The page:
|Henderson Pink (left) and Moonglow tomatoes grow with a companion |
planting of nasturtiums (in front).
Do Americans love any vegetable more than the tomato?
Oh, probably, but it is the one vegetable that most gardeners or would be gardeners yearn to grow. Even those without garden space grow tomatoes in large containers, all so they can get that fresh-picked flavor that you just can't find in the grocery store.
|A basket of Brandywines.|
Since the tomato gained favor in American gardens a mere 150 or so years ago, it has been selected and hybridized to the current point where we have hundreds, perhaps thousands of varieties of Solanum lycopersicum (aka Lycopersicum esculentum). Although the list of tomato varieties I have tried seems rather long, I have barely scratched the surface.
|Henderson's Pink and Moonglow tomatoes mixed in with long beans.|
Brandywine produces a moderate number of large-medium to large bright pink tomatoes. They are prone to being misshapen and to crack, but are the best-tasting slicing tomatoes.
Henderson's Pink, which I tried last year because a friend gave me a couple of her starts, was similar in size and color, without as much cracking and misshapeness. The flavor was good, as well.
|Black Krims are green on top when ripe (right) the top and |
bottom ones on the left show the deep coloring of the Krim.
The middle one is probably a Brandywine.
Black Krim is another variety that I first tried in 1997. It's deep, rich flavor and color make me keep growing it, although it does not produce that well. The last two years in particular I have had trouble getting much from Black Krim. I am not sure why. Still, I will have a few in the garden again this year. Maybe a little more compost will help. Black Krim is an early season variety, producing well before the Brandywine.
|A basket of Sun Golds and another yellow tomato.|
|Furry Yellow Hog. Don't know why it's called that.|
|This Amish Paste tomato got a little horny.|
In 2009 a friend gave me a plant that produced very small little pear-shaped tomatoes that were a deep brown-red with purple or "black" overtones. It was a nice tasting, productive tomato that dried well. But he can't remember its name, so if I grow it again it will be by accident.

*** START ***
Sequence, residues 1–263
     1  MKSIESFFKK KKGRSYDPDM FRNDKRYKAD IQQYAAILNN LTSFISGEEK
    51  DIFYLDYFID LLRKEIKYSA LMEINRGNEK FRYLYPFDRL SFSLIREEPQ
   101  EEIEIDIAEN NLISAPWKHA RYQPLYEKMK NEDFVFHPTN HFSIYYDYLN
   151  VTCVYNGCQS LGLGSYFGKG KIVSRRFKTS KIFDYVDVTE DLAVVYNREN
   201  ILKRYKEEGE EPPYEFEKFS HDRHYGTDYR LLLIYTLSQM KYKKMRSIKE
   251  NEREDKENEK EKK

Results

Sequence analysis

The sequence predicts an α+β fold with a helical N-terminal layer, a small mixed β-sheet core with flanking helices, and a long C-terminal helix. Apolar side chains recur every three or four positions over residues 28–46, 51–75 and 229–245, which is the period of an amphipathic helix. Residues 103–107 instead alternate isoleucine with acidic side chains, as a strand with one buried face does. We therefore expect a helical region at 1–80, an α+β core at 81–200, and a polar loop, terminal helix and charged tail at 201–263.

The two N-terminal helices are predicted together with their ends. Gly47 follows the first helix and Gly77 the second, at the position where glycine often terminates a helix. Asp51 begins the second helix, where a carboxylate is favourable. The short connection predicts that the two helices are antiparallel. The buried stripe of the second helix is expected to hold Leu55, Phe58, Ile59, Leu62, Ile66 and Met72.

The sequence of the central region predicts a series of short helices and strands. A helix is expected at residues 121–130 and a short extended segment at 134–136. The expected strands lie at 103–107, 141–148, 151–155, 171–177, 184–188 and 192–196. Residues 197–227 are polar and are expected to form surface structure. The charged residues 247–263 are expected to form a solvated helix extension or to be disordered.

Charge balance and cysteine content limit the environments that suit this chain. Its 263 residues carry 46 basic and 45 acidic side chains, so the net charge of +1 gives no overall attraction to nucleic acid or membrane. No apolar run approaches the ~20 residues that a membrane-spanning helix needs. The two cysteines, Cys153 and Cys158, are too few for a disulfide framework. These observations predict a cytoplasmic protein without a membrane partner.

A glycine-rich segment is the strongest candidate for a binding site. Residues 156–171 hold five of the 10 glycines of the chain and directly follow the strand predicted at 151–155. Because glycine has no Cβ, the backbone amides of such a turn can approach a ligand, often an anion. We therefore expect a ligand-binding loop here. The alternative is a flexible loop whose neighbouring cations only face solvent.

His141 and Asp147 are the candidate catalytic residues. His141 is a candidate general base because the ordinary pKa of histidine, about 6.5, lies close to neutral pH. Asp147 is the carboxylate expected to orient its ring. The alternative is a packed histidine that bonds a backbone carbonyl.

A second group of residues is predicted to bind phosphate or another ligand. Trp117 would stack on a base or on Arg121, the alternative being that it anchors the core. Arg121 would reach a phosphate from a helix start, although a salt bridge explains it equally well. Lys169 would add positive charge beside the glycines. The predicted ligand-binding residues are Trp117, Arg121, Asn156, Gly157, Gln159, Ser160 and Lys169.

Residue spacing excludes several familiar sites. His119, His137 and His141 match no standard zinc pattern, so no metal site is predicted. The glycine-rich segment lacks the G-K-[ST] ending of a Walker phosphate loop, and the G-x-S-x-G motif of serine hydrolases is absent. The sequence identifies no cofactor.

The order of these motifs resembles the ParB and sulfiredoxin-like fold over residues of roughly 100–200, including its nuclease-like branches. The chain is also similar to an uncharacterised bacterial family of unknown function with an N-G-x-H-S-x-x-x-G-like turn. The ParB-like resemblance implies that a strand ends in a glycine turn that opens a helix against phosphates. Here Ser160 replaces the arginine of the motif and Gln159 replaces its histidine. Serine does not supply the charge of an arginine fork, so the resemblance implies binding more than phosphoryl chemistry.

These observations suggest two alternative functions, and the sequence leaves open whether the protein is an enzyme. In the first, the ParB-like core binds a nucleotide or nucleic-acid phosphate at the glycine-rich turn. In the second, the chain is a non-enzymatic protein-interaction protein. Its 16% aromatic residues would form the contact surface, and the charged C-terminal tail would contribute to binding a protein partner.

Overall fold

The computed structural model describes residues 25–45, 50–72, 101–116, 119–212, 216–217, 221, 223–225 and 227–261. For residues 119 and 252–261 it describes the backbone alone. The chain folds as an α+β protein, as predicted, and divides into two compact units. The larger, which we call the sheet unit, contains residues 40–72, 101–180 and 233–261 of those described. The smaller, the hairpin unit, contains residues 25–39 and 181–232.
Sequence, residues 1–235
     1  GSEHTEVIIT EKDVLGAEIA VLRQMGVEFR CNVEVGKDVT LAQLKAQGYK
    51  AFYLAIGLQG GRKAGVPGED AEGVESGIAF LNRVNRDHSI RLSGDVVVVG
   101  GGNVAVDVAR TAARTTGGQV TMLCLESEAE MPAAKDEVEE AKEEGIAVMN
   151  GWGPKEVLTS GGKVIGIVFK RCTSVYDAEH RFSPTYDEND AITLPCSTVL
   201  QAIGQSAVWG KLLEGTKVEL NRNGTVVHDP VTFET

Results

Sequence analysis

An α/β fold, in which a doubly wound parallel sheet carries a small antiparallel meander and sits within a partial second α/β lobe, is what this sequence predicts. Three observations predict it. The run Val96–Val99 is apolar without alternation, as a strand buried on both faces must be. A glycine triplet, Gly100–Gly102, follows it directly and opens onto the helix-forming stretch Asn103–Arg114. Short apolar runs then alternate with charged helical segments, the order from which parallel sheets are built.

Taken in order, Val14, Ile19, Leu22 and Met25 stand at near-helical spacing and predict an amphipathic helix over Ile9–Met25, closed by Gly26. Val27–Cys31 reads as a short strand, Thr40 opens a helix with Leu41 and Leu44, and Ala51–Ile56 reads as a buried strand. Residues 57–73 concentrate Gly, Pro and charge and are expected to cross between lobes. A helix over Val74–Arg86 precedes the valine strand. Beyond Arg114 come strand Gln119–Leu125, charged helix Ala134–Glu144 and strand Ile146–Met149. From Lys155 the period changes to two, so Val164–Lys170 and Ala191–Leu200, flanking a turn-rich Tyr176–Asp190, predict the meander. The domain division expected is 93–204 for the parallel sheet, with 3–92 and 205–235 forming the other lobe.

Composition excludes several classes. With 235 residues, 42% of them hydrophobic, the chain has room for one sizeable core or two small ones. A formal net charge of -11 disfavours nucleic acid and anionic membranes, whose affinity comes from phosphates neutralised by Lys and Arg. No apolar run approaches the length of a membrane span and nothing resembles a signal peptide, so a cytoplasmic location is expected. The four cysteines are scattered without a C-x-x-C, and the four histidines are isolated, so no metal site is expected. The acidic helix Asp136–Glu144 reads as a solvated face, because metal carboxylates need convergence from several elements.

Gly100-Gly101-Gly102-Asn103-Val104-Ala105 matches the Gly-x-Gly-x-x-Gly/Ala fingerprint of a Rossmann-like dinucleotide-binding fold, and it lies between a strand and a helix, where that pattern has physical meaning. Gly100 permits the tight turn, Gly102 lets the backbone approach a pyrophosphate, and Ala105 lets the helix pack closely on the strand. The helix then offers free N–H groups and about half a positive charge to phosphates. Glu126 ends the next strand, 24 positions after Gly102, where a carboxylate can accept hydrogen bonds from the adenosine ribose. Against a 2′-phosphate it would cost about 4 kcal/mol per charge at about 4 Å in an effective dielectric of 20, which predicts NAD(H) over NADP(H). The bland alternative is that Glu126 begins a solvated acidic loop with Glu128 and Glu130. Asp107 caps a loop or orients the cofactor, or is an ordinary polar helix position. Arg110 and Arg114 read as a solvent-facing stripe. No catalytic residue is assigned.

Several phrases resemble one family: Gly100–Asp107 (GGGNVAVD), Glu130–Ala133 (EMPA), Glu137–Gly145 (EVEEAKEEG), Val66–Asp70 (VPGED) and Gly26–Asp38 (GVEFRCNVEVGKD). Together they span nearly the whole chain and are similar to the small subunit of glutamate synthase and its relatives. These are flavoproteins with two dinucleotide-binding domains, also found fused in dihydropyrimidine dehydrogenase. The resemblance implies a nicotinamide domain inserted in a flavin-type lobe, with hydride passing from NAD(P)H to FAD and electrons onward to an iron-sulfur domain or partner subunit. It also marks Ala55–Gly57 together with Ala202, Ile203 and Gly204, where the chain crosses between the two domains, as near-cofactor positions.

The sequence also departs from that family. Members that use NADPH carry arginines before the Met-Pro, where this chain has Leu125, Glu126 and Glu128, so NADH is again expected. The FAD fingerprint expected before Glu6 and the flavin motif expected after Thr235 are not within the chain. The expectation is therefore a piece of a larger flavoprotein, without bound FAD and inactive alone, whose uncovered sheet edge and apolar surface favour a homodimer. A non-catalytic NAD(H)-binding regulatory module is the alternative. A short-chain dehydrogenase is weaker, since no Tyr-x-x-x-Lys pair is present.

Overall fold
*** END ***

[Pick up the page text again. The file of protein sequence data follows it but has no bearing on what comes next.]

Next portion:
|Unripe Amish Paste on the vine.|
Striped German is a large, red and yellow striped tomato with a nice flavor, but it suffers from some of the same issues as Brandywine.
The currant tomato -- red and yellow -- is a different species from these other large tomatoes. It grows well and has such a short season that you can direct sow seed in late April and still have a crop by the end of the summer. The marble-sized fruit have a fresh tomato flavor and make a wonderful snack food.
|Leaf of Furry Yellow Hog.|
I am sure that I have planted other tomato varieties, including common hybrids, such as Better Boy, Early Girl and such, but I don't remember anything about them and didn't take notes. I prefer growing heirlooms, even though their production is less than the hybrids, as a rule. I favor the flavor of most heirlooms. And isn't it really the flavor we are after? Besides, heirlooms are usually open pollinated, so that you can save your own seed. Not so with hybrids.
This year I will get to know two other heirloom varieties, Abraham Lincon and Box Car Willie. Will either one win a permanent spot in my garden?